Paul R. McHugh, M.D., is the Henry Phipps Professor of Psychiatry Emeritus, the former director of the Department of Psychiatry and Behavioral Sciences at the Johns Hopkins University School of Medicine, and the coauthor of The Perspectives of Psychiatry, also available from Johns Hopkins. He was selected by President George W. Bush to sit on the Presidential Council on Bioethics and by the U.S. Conference of Catholic Bishops to be on their National Review Board for the elimination of the sexual abuse of children by clergy.


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Most Helpful Customer Reviews

24 of 26 people found the following review helpful By Richard Howlin on December 13, 2005
Format: Hardcover
This book comprises of a selection of powerful essays that address comtempory controversies in psychiatry. Paul McHugh's ideas and understanding make for facinating and thought provoking reading. I have seldom seen such brave and independent thinking in this field of study. In an age where reality offends and professors are dulling themselves to the university "group think", this work will be an intellectual milestone within the neglected field of psychiatric ethics.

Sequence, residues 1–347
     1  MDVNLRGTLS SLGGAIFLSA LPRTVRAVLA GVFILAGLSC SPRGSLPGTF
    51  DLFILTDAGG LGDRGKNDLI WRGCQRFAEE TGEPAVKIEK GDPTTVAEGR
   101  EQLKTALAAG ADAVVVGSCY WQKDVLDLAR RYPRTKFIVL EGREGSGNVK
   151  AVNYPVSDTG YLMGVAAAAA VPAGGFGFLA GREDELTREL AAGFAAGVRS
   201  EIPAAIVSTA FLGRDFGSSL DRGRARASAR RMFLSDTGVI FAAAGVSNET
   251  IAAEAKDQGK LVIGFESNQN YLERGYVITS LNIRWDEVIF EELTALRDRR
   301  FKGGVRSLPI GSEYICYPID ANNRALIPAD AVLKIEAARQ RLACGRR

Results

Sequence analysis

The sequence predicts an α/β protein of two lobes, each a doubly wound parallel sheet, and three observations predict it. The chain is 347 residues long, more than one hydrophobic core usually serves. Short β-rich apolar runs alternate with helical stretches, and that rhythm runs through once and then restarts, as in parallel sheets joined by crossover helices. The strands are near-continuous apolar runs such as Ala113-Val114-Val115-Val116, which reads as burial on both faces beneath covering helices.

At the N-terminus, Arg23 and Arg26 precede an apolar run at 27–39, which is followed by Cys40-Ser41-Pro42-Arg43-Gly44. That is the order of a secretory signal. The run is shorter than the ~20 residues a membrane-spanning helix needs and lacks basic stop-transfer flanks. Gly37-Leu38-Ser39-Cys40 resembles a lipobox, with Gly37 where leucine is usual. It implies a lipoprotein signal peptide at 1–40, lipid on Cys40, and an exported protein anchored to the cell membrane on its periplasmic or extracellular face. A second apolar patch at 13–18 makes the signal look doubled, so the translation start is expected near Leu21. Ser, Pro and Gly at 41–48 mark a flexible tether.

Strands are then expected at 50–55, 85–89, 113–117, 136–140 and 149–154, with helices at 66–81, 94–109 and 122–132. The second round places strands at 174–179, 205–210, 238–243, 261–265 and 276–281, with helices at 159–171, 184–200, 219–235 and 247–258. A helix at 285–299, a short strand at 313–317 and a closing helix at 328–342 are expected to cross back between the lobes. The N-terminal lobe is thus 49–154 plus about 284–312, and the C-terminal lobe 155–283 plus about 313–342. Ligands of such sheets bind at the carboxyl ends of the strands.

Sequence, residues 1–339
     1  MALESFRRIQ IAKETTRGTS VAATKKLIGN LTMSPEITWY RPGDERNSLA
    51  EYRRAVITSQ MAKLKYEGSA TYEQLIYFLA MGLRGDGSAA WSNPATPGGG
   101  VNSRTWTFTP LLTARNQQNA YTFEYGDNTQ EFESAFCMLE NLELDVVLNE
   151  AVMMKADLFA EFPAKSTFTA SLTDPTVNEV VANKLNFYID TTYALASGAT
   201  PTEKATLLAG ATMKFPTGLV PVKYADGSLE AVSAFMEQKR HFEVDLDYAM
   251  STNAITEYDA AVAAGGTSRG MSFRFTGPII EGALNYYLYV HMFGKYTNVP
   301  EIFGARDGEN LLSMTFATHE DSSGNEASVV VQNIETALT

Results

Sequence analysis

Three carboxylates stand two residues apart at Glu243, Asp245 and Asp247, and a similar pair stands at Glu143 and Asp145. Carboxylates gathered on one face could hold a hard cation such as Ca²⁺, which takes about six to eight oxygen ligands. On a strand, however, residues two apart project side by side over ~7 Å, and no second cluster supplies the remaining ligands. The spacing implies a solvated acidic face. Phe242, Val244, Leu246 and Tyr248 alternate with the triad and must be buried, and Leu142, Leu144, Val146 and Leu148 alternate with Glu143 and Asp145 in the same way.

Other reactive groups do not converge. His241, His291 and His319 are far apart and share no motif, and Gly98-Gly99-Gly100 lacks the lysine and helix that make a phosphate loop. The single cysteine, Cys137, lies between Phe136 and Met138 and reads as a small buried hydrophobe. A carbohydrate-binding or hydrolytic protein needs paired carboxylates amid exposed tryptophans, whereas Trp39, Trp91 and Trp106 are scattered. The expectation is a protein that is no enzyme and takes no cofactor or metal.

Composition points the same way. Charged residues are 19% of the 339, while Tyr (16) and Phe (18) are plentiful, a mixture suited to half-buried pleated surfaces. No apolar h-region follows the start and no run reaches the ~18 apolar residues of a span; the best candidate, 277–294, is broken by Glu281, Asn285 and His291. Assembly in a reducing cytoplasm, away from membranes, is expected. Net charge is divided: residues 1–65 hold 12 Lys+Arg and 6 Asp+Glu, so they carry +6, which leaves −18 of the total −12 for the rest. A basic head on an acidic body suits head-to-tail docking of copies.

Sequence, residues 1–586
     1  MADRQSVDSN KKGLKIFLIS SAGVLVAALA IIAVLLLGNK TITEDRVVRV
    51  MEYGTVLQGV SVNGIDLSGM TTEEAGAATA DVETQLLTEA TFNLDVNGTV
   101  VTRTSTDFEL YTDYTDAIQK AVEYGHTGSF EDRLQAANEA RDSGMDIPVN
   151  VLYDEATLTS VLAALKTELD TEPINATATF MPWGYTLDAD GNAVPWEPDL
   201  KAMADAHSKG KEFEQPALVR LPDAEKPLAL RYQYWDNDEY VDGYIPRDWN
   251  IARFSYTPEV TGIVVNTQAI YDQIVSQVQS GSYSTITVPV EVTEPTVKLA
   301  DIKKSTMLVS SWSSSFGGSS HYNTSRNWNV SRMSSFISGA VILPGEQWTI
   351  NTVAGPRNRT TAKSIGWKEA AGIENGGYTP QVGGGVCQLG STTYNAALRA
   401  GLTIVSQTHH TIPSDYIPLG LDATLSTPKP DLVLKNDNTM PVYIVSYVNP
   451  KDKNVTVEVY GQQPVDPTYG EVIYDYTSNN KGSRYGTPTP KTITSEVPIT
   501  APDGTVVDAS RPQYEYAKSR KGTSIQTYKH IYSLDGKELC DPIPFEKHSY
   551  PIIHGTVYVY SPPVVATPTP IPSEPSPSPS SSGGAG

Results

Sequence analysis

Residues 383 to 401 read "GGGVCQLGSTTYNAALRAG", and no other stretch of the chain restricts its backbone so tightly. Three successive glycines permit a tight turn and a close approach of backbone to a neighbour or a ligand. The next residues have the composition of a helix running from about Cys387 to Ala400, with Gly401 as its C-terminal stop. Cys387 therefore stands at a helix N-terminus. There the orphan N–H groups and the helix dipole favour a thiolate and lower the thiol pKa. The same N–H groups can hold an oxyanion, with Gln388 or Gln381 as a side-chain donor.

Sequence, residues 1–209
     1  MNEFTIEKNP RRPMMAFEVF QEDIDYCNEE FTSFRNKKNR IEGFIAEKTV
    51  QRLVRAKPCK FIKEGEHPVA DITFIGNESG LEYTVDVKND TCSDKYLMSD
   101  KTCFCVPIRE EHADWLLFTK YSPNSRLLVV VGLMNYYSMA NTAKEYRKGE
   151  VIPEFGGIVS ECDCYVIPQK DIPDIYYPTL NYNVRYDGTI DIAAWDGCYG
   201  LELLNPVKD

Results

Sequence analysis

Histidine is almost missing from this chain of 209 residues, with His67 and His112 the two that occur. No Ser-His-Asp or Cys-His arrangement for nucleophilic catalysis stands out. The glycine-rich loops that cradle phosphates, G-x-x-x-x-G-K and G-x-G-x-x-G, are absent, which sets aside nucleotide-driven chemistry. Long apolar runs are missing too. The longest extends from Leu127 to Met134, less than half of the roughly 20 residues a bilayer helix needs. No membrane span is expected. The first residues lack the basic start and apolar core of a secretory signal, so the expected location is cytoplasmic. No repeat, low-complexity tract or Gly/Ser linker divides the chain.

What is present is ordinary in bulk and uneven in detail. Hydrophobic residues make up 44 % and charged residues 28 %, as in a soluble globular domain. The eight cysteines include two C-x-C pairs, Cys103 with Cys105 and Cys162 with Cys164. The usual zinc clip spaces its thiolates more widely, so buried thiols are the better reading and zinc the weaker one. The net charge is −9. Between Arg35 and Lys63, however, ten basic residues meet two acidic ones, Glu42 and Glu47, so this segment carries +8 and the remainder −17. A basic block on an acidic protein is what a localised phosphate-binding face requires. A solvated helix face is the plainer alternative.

Richard Howlin, Ph.D.

Clinical Developmental Psychologist
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16 of 17 people found the following review helpful By F. Houts on April 29, 2006
Format: Hardcover